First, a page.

4 Oct 1924 – 10 Oct 1924
| Tommy Connolly (AL), Bill Klem (NL), Bill Dinneen (AL), Ernie Quigley (NL)|
Umpires: Tommy Connolly, Bill Klem
Senators: Goose Goslin, Bucky Harris (p/mgr), Walter Johnson, Sam Rice.
Giants: John McGraw (mgr.), Frankie Frisch, Travis Jackson, George Kelly, Freddie Lindstrom, Billy Southworth‡, Bill Terry, Hack Wilson, Ross Youngs.
‡ elected as a manager.
1925 World Series, 1933 World Series, 1923 World Series, 1912 World Series, 1921 World Series
In the 1924 World Series, the Washington Senators beat the New York Giants in seven games. The Giants became the first team to play in four consecutive World Series, winning in 1921–1922 and losing in 1923–1924. Their long-time manager, John McGraw, made his ninth and final World Series appearance in 1924. This was the second extra-inning World Series-deciding game (1912) and the last until 1991. The winning team of the 1991 World Series was the very same franchise, now known as the Minnesota Twins.
Walter Johnson, after pitching his first 20-victory season (23) since 1919, was making his first World Series appearance, at the age of 36, while nearing the end of his career with the Senators. He lost his two starts, but the Senators battled back to force a Game 7, giving Johnson a chance to redeem himself when he came on in relief in that game. Johnson held on to get the win and give Washington its first and only championship. The seventh game is widely considered to be one of the most dramatic games in Series history.
Johnson struck out twelve Giants batters in Game 1 in a losing cause. Although that total matched Ed Walsh's number in the 1906 World Series, it came in twelve innings. Johnson only struck out nine in the first nine innings.
In Game 7, with the Senators behind 3–1 in the eighth, Bucky Harris hit a routine ground ball to third which hit a pebble and took a bad hop over Giants third baseman Freddie Lindstrom. Two runners scored on the play, tying the score at three. Walter Johnson then came in to pitch the ninth, and held the Giants scoreless into extra innings. With the score still 3–3, Washington came up in the twelfth. With one out, and runners on first and second, Earl McNeely hit another grounder at Lindstrom, and again the ball took a bad hop, scoring Muddy Ruel with the Series-winning run.
This was the only World Series championship victory during the franchise's time in Washington. As the Minnesota Twins, the team won the World Series in 1987 and 1991.
1924 World Series Wikipedia
AL Washington Senators (4) vs. NL New York Giants (3)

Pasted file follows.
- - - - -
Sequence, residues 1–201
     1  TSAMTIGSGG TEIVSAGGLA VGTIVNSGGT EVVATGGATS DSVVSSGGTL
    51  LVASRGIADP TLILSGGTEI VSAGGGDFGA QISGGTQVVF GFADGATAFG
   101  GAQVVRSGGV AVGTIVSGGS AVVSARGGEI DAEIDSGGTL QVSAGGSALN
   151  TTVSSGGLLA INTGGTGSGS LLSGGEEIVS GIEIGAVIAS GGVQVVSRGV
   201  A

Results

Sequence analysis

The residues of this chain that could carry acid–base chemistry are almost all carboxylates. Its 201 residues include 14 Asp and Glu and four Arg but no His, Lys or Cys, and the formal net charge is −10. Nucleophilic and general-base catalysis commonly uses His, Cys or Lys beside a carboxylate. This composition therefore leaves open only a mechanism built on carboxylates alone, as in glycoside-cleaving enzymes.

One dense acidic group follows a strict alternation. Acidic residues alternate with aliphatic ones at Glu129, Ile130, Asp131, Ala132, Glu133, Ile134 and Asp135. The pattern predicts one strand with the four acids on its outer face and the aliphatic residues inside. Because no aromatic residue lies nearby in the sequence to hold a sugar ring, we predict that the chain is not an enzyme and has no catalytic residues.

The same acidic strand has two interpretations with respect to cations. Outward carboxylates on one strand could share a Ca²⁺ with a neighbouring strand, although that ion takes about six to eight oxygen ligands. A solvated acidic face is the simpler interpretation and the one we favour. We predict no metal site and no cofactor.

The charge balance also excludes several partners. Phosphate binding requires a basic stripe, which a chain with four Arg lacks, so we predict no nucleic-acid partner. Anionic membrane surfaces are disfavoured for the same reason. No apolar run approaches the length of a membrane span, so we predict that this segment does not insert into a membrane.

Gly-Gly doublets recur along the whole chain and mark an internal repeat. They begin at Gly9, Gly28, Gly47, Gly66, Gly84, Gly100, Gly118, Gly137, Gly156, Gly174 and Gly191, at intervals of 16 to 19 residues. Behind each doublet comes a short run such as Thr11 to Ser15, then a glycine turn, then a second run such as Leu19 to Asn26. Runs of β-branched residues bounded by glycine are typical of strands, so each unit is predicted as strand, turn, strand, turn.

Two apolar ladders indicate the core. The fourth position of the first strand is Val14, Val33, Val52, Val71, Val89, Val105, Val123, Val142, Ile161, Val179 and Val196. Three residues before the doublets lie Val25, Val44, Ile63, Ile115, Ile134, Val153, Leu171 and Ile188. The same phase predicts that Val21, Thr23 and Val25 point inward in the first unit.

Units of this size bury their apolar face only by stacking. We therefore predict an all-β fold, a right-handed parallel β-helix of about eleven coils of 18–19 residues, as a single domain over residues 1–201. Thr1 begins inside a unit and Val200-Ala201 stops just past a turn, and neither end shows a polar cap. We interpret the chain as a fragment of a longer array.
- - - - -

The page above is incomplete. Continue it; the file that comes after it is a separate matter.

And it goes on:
The Senators tied it at 2–2 with a run in the bottom of the ninth. The Giants scored two in the top of the 12th off the Big Train; Washington fought back for a run in the bottom of the inning, but left the tying run on third.
Washington fought back early in the game, scoring 3 runs in 5 innings. But the Giants would quickly fight back in the final three frames to tie the game as it went to the bottom of the ninth. With Joe Judge representing the potential winning run and 1 out, Roger Peckinpaugh hit a double to win the game and tie the series.
Washington threatened in the ninth. Ossie Bluege, the only man reliever Claude Jonnard faced, drew a bases-loaded walk to make it 6-4. Mule Watson then came in to nail down the last two outs.
Goose Goslin had a big game for the Senators, with three singles and a home run to go 4-for-4 and drive in four runs.
Both Washington runs scored on a clutch two-run single in the fifth inning by manager Bucky Harris.
The unheralded Curly Ogden was given the Game 7 start for Washington – it was his first and only World Series appearance. He gave up a hit and a walk, and then was pulled for George Mogridge. It was later revealed that manager Bucky Harris started righthander Ogden so that the Giants would be locked into their "righthanded" lineup, before he switched to the lefthander Mogridge.
With the Senators trailing 3–1 in the eighth inning with bases loaded and two outs, Bucky Harris hit a "bad hop" ground ball to third which Fred Lindstrom failed to catch (no error was charged). As a result, two runs scored for a 3–3 tie. In the ninth inning, Walter Johnson would step up as pitcher and pitch four scoreless innings.
In the bottom of the 12th inning, Giants catcher Hank Gowdy stepped on his own discarded mask while trying to catch a Muddy Ruel foul pop-up, and dropped the ball for an error. Given a second chance in the at-bat, Ruel doubled. Johnson reached first on another error, and with Ruel on second and Johnson on first, Earl McNeely hit a "bad hop" ground ball to Lindstrom that was almost identical to Harris' eighth inning hit. Lindstrom again failed to catch the ball as it bounced over him into left field, and Ruel scored the series-winning run.
The game holds the record as the longest Game 7 (by innings) in World Series history, and is tied with the 2014 American League Wild Card Game as the longest "winner-take-all" game in postseason history.
In 2014, the Library of Congress acquired a newsreel of highlight footage from Game 7, including McNeely's Series-winning base hit. CNN subsequently released this footage on its website.
1924 World Series (4–3): Washington Senators (A.L.) over New York Giants (N.L.)